Get-PublicFolder –Identity “IT” –Recurse | Add-PublicFolderClientPermission –User pponzeka –AccessRights PublishingEditor

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Note that we don’t need to specify the Identity  in the Add-PublicFolderClientPermission because we piped that to it with the | command.

And there you go.  The user account has been given these rights to the root folder, IT, and all its subfolders.  This works for any number of subfolders, and you can also use the same method to remove access rights. 

Issues with IPv6 and Transport Servers using DNS Delivery in Exchange 2007 and General Troubleshooting Steps

exchange 2007, hub transport

 

I recently ran into a little bit of an issue at a company I was working with regarding their Exchange 2007 installation.  At the company, we had installed 2 Edge Transport servers in their main site in NY, and 1 Edge Transport server at their secondary location in Boston. 

One of their user’s complained that when they sent email to a specific domain, say xzy.com, they were getting delivery delayed messages, and eventually full blown NDR messages:

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12-Oct02 14.41

As we can see by the NDR, the message expired.  This happens when Exchange cannot connect to a certain destination mail server (such as the receiving company’s server is down), or there is no path to the destination.  The 1st is usually the fault of the receiving organization, the second is usually a configuration problem on your end.  Needless to say, we set out to troubleshoot.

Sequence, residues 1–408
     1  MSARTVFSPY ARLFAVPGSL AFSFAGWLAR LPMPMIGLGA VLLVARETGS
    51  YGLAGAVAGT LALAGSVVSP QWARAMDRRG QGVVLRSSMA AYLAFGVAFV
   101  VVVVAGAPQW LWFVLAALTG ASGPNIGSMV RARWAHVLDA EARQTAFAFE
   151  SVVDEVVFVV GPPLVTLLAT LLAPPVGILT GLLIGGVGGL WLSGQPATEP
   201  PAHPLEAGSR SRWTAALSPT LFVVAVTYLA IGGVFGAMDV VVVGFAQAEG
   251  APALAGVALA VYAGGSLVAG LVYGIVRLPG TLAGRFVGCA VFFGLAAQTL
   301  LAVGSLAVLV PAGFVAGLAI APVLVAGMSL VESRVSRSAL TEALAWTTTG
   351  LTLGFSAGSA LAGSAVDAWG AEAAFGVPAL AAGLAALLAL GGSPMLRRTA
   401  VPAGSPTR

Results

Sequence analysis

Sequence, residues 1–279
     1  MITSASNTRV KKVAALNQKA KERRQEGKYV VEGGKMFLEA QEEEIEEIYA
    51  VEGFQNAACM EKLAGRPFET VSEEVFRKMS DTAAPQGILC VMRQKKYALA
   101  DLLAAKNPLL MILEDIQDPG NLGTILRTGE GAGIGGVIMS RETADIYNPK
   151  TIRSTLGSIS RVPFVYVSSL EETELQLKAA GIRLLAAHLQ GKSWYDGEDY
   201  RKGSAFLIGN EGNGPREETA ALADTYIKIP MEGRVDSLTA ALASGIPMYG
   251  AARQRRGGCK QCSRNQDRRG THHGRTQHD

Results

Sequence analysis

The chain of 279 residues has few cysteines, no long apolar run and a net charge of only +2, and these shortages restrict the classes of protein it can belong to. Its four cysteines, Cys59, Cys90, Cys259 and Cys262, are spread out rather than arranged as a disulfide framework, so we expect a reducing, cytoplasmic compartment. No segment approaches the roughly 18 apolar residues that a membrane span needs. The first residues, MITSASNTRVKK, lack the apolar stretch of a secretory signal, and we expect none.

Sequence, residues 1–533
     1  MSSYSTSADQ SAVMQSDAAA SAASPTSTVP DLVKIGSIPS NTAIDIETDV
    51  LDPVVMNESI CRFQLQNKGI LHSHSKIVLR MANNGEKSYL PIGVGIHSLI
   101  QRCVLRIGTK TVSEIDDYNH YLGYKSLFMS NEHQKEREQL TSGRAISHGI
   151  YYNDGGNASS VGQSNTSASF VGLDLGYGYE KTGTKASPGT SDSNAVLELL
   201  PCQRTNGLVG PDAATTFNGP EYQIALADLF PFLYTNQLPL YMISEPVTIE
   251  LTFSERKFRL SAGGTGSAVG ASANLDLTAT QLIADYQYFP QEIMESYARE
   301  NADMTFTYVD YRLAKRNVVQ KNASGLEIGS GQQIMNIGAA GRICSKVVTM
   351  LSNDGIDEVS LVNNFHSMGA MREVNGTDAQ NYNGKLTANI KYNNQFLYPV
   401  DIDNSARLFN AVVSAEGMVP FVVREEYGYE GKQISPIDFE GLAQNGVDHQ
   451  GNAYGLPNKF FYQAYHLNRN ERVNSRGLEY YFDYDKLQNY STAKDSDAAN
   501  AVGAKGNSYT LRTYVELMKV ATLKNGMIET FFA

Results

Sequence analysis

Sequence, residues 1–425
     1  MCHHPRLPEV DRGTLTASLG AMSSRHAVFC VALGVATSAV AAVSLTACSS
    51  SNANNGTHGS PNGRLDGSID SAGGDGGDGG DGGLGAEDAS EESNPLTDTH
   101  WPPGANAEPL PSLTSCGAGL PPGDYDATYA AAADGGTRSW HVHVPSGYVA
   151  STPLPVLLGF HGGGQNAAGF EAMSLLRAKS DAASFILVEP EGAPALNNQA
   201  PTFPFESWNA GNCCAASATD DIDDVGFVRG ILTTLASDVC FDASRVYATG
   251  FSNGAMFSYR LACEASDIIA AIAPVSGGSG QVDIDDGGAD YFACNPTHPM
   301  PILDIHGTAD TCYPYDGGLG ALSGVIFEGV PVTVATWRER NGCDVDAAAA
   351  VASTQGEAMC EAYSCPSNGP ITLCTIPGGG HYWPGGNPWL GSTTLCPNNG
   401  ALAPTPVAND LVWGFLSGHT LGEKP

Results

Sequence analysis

Some basic stuff out of the way first.  All three Edge Servers were configured identical, and all experienced the same exact behavior.  All use Send Connectors, configured to deliver email using DNS, and thus connect directly to the destination domain.

The first thing I did, was the old telnet to the email server trick, and see if I can send email manually through telnet.  First, you need to figure out the receiving email server for the domain in question.  You can do this using the nslookup command.  In a command prompt, enter the command nslookup and hit return.  This will cause the machine your working off of to connect to its default DNS server, in NSLOOKUP mode.

Now, how do we find the server or servers that are responsible for receiving email on behalf of the organization?  Why, by searching for MX records of course!  In NSLOOKUP, tell the DNS server that you only want to know the MX records for a domain.  You do this by setting the query to MX only with the set q=mx command:

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Next, enter the domain you are having trouble with, such as espn.com: